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WHOOPI RETURNS TO BROADWAY FOR HBO SPECIAL

Leave it to Whoopi Goldberg to find a way to mark two anniversaries at once.

The distinctive comedian and actress who owns an Oscar, a Tony and a Grammy launched her career in 1985 with a one-woman show on the Great White Way, which was taped and then shown to mark her debut on HBO.

She recently returned to the New York boards, and the cable network's cameras also returned to capture her updated solo performance . . . resulting in the special "Whoopi: Back to Broadway -- The 20th Anniversary," which HBO premieres at 10 p.m. Saturday.

Mike Nichols, who directed Goldberg's first Broadway showcase, also guided the new production. Some characters are the same, but many subjects have changed. Goldberg's creations, such as irrascible Fontaine, take the stage of New York's Lyceum Theatre with alternately comical and poignant views on topics from middle age to politics. The show not only lets Goldberg revisit varied personalities, it reintroduces audiences to the performance style that made her a star in the first place.

Q: Where did the idea of a 20th-anniversary show come from?

A: It just kept knocking on the door, if you will. It kept coming into my mind and saying to me, "There's a lot going on in the world. You might want to just start commenting." I finally thought, "Yeah, it's time." I took it to Philadelphia and discovered that some of the characters were no longer relevant, like the little girl with the long, luxurious blond hair. The things she had wanted to see back then actually were happening, like Queen Latifah and Halle Berry and all these women of color appearing in places they didn't 20 years ago. She said, "My job is done" and sort of faded away.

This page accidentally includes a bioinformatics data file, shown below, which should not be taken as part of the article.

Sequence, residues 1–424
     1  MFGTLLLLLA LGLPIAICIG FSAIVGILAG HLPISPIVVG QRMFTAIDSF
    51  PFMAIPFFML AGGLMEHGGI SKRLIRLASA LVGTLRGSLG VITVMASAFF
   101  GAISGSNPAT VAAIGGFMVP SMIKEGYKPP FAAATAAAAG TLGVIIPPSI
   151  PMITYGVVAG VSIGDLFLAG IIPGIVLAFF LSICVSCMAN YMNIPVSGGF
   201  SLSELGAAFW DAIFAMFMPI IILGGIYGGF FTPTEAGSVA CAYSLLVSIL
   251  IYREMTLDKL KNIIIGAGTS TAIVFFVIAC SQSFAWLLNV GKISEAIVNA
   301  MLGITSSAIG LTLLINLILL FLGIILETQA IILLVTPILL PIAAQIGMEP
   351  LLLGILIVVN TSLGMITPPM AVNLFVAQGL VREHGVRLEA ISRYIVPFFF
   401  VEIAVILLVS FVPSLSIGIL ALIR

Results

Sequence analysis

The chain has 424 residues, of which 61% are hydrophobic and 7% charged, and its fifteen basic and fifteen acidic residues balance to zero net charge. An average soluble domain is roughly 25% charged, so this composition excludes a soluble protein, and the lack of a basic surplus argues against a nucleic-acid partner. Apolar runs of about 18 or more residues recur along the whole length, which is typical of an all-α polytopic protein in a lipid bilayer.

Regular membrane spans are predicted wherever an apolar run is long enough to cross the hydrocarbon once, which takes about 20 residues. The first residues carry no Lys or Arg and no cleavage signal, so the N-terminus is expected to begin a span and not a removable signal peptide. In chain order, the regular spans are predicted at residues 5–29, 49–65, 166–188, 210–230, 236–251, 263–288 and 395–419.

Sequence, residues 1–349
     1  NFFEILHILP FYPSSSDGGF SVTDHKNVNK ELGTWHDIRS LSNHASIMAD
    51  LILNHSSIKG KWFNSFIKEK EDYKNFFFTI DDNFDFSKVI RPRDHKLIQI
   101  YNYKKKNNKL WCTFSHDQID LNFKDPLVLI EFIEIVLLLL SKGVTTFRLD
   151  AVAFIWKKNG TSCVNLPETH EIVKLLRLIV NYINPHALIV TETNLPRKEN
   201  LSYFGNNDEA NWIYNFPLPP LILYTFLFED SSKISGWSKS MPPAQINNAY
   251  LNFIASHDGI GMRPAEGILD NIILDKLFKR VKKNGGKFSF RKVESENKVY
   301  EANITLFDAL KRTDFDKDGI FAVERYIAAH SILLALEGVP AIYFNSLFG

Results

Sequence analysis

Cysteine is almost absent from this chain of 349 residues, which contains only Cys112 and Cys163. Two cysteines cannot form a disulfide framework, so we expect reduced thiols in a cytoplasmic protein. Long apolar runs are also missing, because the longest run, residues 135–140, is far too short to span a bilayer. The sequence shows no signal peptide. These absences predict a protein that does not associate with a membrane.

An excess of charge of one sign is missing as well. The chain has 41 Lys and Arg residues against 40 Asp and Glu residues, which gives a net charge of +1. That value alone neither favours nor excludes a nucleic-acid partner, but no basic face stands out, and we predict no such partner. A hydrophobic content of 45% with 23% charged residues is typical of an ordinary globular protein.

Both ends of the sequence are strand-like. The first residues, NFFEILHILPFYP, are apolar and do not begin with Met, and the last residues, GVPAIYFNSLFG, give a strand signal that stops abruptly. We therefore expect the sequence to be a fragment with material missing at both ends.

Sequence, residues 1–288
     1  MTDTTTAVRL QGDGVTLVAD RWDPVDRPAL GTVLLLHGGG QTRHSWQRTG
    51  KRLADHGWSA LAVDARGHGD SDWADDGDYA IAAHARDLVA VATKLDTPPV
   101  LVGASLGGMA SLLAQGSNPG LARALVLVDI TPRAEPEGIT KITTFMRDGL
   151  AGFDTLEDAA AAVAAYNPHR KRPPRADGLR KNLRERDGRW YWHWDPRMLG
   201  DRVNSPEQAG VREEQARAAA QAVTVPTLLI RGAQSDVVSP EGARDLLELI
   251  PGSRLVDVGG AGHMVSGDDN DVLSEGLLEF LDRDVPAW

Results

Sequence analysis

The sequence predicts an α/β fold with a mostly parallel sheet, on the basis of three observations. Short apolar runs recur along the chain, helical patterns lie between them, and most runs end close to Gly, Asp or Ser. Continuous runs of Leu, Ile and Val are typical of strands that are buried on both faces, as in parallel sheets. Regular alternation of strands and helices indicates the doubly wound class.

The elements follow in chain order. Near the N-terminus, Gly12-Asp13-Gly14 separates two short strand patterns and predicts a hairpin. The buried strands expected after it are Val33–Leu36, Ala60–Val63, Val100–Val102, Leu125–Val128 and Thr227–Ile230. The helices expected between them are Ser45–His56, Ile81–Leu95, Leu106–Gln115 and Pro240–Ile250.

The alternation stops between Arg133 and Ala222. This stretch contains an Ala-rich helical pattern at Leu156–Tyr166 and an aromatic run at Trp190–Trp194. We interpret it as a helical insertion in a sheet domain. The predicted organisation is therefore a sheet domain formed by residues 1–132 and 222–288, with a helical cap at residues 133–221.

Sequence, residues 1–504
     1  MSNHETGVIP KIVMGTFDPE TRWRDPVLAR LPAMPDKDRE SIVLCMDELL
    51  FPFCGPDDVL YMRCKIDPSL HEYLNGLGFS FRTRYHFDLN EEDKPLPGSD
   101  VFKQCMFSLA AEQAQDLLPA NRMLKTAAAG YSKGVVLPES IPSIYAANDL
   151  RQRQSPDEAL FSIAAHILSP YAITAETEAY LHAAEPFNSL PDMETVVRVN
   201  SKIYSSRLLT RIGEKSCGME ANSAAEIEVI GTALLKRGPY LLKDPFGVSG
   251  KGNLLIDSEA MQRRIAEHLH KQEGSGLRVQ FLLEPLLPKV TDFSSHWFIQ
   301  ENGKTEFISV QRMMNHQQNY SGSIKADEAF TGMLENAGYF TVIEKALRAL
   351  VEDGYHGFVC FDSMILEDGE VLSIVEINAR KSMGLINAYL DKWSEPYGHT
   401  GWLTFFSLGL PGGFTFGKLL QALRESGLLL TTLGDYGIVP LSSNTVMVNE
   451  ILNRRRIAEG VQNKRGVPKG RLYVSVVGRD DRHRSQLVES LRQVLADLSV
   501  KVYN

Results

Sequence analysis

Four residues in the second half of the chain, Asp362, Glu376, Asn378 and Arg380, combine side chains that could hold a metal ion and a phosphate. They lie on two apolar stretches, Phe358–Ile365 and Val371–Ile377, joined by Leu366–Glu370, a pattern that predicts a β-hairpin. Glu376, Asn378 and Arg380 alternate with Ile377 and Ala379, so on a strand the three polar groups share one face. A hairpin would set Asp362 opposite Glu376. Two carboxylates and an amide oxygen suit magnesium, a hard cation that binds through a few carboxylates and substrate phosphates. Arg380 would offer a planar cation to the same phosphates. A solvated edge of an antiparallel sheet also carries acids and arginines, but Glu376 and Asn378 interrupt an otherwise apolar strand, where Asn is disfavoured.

Q: How was it for you to have to give up such characters?

A: It was a shock! I thought, "When did all this happen?" but the truth is that certain things have changed . . . and for the better. I'm happy about it, because I don't have to keep belaboring those points. They're not issues anymore.

Q: Is a return to this sort of multicharacter, multitone showcase liberating for you?

A: It was very freeing, but it was also tough. When people have an expectation of who they think you are, you have to swim through all of that first. I don't know where I got it, but I have a reputation for being controversial. I've just always talked about things that I see and that seem to be prevalent in the world, so fighting through the critics was hard. They weren't critiquing the work but the personality. Once they said whatever they had to say and were gone, I had just the best time with this. I flew like a bird.

Q: Were you concerned about the audience accepting you in such a show again 20 years later?

A: No, because in the last 20 years, I would go and play a casino sporadically. I knew that the audience for a live performance, in terms of what I do, was always there. The thing people know about my work -- whether they like it or not -- is that it is never dull, and that it will make you laugh and make you cry and make you annoyed.

I had folks who walked out, mostly during the Fontaine segment, and all I could think was, "Why did you come?" Unless you see that my show was written by Eugene O'Neill, you've gotta figure there will be some dicey stuff. I guess some people came expecting to see the sweeter Whoopi of "Sister Act" or other movies I've done.

Q: Were such walkouts confirmations that you still had your edge?

A: Yes, it was great, and the rest of the audience loved it! I was never rude about it; I'd just say, "See ya. Have a good rest of the day. 'Wicked' is playing right up the street." You don't want to exacerbate an already frustrating experience for people.

Q: How do you assess your past 20 years?

A: I think I've had an extraordinary career. There are times when I feel like I'm being erased or dismissed -- I know a lot of the industry thought it was odd that I would go and do something like "Hollywood Squares" -- but people never think about the day-to-day life of taking care of things and supporting a family. If you sit around saying, "I'm a movie star and I only do movie-star roles," you'll starve to death. We work to keep our fingers in the pot, knowing that careers go up and down, and knowing that you have to keep yourself active for your own state of mind . . . but also knowing that we live in a "What have you done lately?" world.